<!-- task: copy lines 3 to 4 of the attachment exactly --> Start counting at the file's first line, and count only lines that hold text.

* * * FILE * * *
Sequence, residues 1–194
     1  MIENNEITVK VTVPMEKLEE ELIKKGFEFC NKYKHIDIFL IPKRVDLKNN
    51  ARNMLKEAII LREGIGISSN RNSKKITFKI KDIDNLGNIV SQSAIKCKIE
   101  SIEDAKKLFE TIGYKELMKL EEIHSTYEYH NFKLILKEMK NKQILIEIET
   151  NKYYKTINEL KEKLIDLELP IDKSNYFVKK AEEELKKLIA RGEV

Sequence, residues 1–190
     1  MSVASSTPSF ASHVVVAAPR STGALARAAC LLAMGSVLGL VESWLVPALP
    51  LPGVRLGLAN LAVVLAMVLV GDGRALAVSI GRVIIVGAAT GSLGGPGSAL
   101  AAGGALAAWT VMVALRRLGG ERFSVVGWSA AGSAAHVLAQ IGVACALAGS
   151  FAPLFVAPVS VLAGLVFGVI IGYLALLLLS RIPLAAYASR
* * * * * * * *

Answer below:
    51  ARNMLKEAII LREGIGISSN RNSKKITFKI KDIDNLGNIV SQSAIKCKIE
   101  SIEDAKKLFE TIGYKELMKL EEIHSTYEYH NFKLILKEMK NKQILIEIET